- The Washington Times - Tuesday, September 19, 2006

Islamic extremists in U.S. prisons have taken advantage of a lack of religious monitoring to embrace violent interpretations of the Koran, posing a threat of “unknown magnitude” to national security, a report said yesterday.

“Prisons have long been places where extremist ideology and calls to violence could find a willing ear, and conditions are often conducive to radicalization,” according to a study by George Washington University and the University of Virginia.

“With the world’s largest prison population and highest incarceration rate, America faces what could be an enormous challenge — every radicalized prisoner becomes a potential terrorist recruit,” said the study, which was conducted for the Senate Homeland Security and Governmental Affairs Committee.

An estimated 2 million people are imprisoned in the United States, and 6 percent of them are Muslim, according to the U.S. Bureau of Prisons.

Sen. Joe Lieberman of Connecticut, the committee’s ranking Democrat, said homegrown terrorism is a “grave enough concern” that Congress needs to consider whether to focus more attention and resources on it.

“What controls can we put into place to curtail such conversions? Unfortunately, the number of qualified Islamic chaplains, or imams, is insufficient,” Mr. Lieberman said, noting that although more than 80 percent of religious conversions in prison are to some form of Islam, only 10 of the 200 chaplains in the federal system are devoted to Islam.

The study said that just as young people may become radicalized by “cut-and-paste” versions of the Koran via the Internet, “new inmates may gain the same distorted understanding of the faith from gang leaders or other influential inmates.”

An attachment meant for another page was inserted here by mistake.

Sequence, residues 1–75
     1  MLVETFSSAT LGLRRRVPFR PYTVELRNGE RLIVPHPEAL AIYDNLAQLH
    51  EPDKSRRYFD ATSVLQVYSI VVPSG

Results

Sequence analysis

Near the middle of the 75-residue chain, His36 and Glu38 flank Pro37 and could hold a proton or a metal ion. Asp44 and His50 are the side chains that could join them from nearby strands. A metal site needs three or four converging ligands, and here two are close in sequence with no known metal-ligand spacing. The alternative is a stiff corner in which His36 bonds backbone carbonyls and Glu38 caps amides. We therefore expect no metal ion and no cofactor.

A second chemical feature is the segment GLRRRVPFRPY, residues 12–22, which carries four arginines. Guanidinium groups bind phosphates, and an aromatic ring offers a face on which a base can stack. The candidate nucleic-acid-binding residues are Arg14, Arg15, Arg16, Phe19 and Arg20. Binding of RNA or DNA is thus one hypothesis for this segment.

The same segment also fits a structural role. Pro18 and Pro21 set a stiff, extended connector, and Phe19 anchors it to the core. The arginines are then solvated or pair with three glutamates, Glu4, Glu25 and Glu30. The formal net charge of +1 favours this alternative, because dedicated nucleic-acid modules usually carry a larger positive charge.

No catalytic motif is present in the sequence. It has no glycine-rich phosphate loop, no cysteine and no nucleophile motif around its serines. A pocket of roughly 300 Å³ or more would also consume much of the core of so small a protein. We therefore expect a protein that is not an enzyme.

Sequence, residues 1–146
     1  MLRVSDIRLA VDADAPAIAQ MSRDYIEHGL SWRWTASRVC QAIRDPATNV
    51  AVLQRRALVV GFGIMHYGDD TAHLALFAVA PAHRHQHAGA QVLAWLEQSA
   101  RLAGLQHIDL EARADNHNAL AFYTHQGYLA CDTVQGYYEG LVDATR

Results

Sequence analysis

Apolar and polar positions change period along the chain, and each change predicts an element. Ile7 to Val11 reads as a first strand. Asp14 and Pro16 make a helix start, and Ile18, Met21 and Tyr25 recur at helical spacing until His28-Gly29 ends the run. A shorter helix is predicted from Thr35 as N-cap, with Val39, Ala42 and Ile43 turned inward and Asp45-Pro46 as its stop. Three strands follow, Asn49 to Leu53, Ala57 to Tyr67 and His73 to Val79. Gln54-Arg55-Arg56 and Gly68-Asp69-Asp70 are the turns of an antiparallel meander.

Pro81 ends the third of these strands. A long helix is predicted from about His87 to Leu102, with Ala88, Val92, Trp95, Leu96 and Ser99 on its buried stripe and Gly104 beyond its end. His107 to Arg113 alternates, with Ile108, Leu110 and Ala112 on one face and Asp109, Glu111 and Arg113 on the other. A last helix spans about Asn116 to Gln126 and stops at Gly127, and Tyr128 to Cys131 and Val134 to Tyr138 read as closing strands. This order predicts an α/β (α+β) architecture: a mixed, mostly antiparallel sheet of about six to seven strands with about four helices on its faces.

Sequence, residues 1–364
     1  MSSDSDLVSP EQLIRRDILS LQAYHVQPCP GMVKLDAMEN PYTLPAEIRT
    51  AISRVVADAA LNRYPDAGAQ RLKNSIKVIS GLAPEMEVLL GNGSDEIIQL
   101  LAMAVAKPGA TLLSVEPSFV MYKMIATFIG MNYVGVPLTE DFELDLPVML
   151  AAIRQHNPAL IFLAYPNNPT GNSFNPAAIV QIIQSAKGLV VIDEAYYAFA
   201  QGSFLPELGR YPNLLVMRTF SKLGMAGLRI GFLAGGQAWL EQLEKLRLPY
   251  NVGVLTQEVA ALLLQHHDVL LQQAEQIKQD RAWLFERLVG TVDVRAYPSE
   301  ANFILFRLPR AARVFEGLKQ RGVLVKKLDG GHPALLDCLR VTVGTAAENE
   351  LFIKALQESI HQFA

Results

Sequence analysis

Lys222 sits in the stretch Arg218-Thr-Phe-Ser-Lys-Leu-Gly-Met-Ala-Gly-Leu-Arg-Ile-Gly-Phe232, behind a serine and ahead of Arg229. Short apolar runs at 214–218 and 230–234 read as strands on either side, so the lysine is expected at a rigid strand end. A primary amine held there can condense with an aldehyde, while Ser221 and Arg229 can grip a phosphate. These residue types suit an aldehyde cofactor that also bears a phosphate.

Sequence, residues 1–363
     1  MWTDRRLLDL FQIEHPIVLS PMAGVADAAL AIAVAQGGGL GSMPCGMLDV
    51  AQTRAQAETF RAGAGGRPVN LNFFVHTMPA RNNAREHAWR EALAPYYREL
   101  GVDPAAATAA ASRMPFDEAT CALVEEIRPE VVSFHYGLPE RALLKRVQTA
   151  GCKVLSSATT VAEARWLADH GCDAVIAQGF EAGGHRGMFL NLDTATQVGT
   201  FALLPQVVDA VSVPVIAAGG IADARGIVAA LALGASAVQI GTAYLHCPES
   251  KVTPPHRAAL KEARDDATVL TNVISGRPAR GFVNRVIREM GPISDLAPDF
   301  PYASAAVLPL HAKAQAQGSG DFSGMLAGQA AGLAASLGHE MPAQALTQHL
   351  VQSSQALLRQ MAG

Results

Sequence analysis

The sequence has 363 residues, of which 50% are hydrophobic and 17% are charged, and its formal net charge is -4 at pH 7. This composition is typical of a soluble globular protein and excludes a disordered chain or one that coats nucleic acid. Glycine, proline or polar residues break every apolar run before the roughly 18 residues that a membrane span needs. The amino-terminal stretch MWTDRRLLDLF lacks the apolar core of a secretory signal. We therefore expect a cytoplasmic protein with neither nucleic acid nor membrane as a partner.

Although radicalization is neither unique to Islam nor a recent phenomenon, an inadequate number of Muslim religious services providers increases the risk, the study said.

Additionally, it said, the inability to track inmates after their release and a lack of social support to reintegrate them into the community give rise to a “vulnerable moment” in which they may be recruited by radical groups posing as social support organizations.

The study said “Jailhouse Islam” incorporates violent prison culture into religious practice; a lack of manpower and resources hinder efforts to combat prisoner radicalization; and information collection and sharing among federal, state and local prison systems to track radical behavior and religious services providers is “difficult to assess.”

The study said that no one profession was equipped to analyze and recommend change and that a multidisciplinary approach of religion, criminal justice, intelligence, law and behavioral sciences was necessary for “proactive analysis of the phenomenon.” It also called on Congress to establish a commission to investigate the issue.

According to the study, prison gangs may adopt a form of Islam that incorporates values of gang loyalty and violence, and several imams characterized the phenomenon as a significant threat to security in prisons.

The study noted several connections between former prisoners and terrorism, including:

• Jeff Fort, a Chicago gang leader who converted to Islam while incarcerated in 1965. Fort founded a street gang known as El Rukn, which later brokered a deal with Libya to carry out attacks on U.S. police stations, government facilities, military bases and airplanes in exchange for $2.5 million and asylum in Tripoli.

• Sheik Omar Abdel-Rahman, the radical Egyptian cleric who plotted to bomb New York City landmarks in 1993. Sentenced to a life term, he issued a decree from federal prison ordering Muslims to kill Americans “wherever you find them.” Terror mastermind Osama bin Laden later said that edict gave religious authority for the September 11 attacks.

• Richard C. Reid, who is thought to have converted to radical Islam while incarcerated in Great Britain. He was later apprehended while attempting to detonate a bomb on a U.S. commercial flight in December 2001.



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